By James Martin
Classrooms breed collaboration. Students meet, they bond over ideas and shared interests, and often something new and exciting is born: a friendship, a business, a project.
And they don’t even need to be in the same room as each other. Or even the same country.
At least, that was the experience of three students enrolled in an online course offered by the Desautels Faculty of Management last fall. Although they live in three different countries, they worked together to create the first-ever classroom for Syrian children living in an Iraqi refugee camp.
Kaniwar Kh Ali, Sofia Benslimane and Julie Pratten-Kacmaz were among the 5,000 students enrolled in “Social Learning for Social Impact,” a group-based take on non-credit massive open online courses, or MOOCs. This GROOC, as it was known, was a world first—and brought together students from more than 100 countries.
Ali is a Syrian living in a refugee camp near Dolhuk, Iraq. Benslimane lives in Morocco, and is a Desautels graduate who double-majored in Operations Management and Strategic Management. Pratten-Kacmaz is a British teacher who has taught English in more than 20 countries, including Brazil, Germany, Lithuania and Paraguay; she joined the GROOC from her current home in Antalya, Turkey.
The GROOC instructors asked that students put their course learning into practice by collaborating on a real-life social initiative to create positive change—something akin to the Grameen micro-financing bank or a humanitarian NGO like Médecins sans frontières, but on a scale modest enough to be designed and implemented over the course of a semester.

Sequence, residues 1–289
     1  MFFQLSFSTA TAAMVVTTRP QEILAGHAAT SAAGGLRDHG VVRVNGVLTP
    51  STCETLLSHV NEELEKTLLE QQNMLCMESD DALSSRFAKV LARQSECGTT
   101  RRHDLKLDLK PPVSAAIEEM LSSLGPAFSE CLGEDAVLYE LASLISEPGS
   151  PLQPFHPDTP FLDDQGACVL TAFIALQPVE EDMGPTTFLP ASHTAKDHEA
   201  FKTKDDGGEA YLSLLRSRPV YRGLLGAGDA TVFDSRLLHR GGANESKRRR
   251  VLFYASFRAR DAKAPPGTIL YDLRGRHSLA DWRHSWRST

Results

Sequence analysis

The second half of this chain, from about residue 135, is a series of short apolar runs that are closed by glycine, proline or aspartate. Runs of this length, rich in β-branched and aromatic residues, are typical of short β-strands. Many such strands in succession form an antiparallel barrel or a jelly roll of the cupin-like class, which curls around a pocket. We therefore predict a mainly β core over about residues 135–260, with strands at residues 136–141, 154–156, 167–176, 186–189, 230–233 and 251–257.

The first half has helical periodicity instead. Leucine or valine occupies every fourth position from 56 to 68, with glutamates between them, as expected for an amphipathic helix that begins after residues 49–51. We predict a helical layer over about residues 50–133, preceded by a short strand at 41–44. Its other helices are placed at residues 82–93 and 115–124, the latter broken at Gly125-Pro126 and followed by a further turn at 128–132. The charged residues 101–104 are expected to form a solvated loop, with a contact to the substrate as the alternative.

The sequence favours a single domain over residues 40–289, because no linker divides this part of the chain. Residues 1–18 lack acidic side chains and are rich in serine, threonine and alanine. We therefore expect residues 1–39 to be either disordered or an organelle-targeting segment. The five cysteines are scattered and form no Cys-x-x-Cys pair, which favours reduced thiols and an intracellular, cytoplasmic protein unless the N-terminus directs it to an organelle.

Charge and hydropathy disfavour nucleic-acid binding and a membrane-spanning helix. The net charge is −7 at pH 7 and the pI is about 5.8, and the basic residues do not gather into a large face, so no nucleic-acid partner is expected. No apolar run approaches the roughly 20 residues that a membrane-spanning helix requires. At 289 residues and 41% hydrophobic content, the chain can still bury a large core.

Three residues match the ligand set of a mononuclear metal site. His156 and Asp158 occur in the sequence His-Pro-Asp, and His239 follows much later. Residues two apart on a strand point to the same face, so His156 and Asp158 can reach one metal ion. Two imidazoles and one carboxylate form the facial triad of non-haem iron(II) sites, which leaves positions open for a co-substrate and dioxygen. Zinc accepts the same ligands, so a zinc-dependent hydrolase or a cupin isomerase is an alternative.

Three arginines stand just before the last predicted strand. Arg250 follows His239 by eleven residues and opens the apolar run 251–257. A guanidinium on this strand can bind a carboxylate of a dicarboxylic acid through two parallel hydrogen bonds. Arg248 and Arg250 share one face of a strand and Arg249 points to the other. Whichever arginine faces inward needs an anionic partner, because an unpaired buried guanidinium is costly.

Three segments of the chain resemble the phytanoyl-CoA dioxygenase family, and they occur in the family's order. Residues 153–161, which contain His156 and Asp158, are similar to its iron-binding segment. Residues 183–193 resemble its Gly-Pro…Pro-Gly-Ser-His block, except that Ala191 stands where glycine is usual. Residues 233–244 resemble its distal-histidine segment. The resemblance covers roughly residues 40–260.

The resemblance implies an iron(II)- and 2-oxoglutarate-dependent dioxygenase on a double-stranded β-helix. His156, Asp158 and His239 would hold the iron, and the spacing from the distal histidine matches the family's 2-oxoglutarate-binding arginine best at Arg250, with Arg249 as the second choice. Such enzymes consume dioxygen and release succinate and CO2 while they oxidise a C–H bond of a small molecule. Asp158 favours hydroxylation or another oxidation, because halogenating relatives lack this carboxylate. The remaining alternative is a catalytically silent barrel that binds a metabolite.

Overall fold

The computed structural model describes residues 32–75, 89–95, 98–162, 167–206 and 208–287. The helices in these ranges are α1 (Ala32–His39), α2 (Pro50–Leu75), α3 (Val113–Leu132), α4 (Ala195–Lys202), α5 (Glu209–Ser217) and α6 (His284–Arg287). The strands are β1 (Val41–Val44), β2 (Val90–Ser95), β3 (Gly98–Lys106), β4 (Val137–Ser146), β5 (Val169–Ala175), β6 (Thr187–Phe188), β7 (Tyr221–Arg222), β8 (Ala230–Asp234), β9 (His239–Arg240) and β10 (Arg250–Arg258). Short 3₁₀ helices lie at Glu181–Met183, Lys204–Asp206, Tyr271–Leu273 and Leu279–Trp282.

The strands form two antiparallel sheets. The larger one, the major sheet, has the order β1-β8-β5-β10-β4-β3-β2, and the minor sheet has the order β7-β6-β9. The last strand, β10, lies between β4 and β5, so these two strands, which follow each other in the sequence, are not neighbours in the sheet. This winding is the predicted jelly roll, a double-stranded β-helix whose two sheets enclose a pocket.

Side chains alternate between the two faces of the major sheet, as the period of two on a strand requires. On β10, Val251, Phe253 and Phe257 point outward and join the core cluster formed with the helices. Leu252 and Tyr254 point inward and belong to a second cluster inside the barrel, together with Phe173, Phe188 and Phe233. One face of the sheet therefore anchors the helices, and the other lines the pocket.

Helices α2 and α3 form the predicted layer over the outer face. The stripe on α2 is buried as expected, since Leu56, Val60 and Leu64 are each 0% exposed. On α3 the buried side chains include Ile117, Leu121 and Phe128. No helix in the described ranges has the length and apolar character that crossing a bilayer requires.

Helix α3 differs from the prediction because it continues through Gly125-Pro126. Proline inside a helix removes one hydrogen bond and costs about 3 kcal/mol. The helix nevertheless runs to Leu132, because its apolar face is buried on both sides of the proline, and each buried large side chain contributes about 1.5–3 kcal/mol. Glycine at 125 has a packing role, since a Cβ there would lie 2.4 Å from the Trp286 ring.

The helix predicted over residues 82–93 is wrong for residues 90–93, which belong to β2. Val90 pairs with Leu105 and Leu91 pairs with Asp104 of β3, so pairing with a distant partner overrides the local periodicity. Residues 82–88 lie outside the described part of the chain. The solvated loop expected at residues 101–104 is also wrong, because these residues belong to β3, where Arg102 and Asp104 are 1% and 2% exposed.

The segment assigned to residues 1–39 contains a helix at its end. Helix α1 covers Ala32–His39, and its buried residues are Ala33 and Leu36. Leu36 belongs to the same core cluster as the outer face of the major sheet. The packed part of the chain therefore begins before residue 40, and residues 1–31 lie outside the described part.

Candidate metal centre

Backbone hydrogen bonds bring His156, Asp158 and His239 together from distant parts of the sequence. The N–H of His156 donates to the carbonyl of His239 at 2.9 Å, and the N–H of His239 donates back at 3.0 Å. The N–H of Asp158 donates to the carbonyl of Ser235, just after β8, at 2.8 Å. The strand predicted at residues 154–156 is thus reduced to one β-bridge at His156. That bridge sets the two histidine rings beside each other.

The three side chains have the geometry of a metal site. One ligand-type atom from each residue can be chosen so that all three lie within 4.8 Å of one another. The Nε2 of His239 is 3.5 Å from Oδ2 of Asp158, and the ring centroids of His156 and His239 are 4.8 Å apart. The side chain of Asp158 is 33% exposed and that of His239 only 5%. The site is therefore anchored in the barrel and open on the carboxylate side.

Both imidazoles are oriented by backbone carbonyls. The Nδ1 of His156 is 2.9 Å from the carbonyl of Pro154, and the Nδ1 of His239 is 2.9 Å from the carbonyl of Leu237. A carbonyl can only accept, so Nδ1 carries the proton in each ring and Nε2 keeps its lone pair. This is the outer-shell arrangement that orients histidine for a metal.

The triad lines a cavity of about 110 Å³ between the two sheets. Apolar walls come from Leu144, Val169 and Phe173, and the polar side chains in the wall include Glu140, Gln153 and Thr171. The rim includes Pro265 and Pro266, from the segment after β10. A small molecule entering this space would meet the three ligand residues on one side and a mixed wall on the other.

“It’s about being passionate about something,” says Leslie Breitner, a faculty lecturer in the Desautels Faculty of Management. She created the GROOC with Professor Henry Mintzberg, PhD candidate Carlos Rueda and Anita Nowak, director of operations of McGill’s Social Learning for Social Impact MOOC. “Some students were developing a project that they’d already started before the GROOC, and some were joining something for the first time.” Students met in person if possible, but most worked together using social media tools. The approximately 200 projects ranged from helping unemployed people get back into the workforce, to promoting the power of dance in general health, to micro-finance, nutrition and steering at-risk teens away from lives of crime. “It really was the whole spectrum,” says Breitner.
Ali pitched the idea of doing something to help the children living in his refugee camp. “As a member of the enhanced language teaching profession,” says Pratten-Kacmaz, “I thought an initiative should be started to harness help from the international ELT community.” Collaborating through Skype and Facebook, the three GROOC students launched a crowdfunding campaign to finance “Heart ELT,” a mobile classroom serving the children in Ali’s camp. The classroom opened in October 2015. Today, a volunteer teaches English to Syrian children. “These kids have been through a lot and need a space where they can meet, learn and have fun,” says Pratten-Kacmaz.
The Heart ELT team wants to next equip that Dolhuk classroom with computers and Web access. They’re also hoping to expand. Pratten-Kacmaz notes that there are thousands of Syrian children living in similar refugee camps near the Turkey and Iraq borders. She and her colleagues are now crowdfunding for phase two, which will expand the project into other refugee camps.